13 Fast Facts About Acrylic Paint
1. It is less than a century old. The first type of acrylic paint to become commercially available was actually polymer-based house paint, which became available in the 1940s.
2. It was only in the 1950s that acrylics were made commercially available. After that, they took off in popularity and they’re remained a top choice for many artists ever since thanks in part to their great versatility.
3. Acrylic paint does have lots of its own characteristics, though it can easily be manipulated to resemble oil paints or watercolour paints. Many artists therefore use this type of paint as a substitute for oils or watercolours.
4. Acrylic paint consists of a pigment that’s suspended in an acrylic polymer emulsion binder. The pigment is the material that gives paint its colour and the binder is what holds the pigment together with the emulsion.
5. Painting with acrylics gives your work a sharp, clear and bold effect. It’s a good choice if you want a painting that looks really realistic.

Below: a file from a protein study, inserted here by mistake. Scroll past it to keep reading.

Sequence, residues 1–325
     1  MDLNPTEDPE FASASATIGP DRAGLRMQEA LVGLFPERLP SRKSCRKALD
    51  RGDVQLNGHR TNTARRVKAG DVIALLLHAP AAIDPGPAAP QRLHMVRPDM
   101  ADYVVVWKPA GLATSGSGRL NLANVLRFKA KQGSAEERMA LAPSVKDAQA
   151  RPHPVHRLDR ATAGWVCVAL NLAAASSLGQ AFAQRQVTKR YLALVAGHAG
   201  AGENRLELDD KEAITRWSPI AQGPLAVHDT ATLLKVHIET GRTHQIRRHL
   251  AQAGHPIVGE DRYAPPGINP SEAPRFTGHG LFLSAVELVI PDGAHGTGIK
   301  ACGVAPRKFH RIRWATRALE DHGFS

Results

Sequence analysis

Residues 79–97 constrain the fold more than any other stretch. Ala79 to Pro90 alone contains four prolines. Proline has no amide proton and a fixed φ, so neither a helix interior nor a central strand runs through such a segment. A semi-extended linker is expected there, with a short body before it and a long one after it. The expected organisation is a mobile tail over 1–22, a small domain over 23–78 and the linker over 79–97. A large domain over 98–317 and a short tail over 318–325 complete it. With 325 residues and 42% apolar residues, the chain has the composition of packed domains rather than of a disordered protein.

6. Acrylic paint tends to dry quite quickly, though you can add a retarded to the paint to slow down the drying process.
7. You can easily paint layers with acrylics, as the paint’s colours are permanent. You can paint one layer on top of another and the layer that’s been painted over won’t be visible at all.
8. Acrylic paint can be applied to a huge variety of surfaces. As well as canvas, it can be applied to surfaces such as glass, wood, ceramics, plastic, fabric, metals, stones, cars, houses and even cardboard paper.
9. There are loads of different mediums and substances, such as gels, sand and rice, that you can add to acrylics to give them all sorts of different textures. Many artists like experimenting by adding different things to the paint to see what effects they produce.
10. An acrylic painting that has completely dried out does have the tendency to attract dust; once you’ve finished working on painting, you should add a layer of varnish to it in order to prevent dust gathering on it and damaging it.
11. If you’ve got lots of acrylic paint on your brushes or on your hands, all you need is soap and water to get it off.
12. One of the most famous artists to have used and experimented with acrylics is Andy Warhol, known for pioneering the ‘pop art’ concept and movement. Many of his most recognisable and influential works, including Campbell’s Soup Cans, were completed in acrylics.
13. Acrylic paint is known for producing vibrant, loud and solid colours. Paintings done in acrylic paint stand out and tend to be very eye-catching.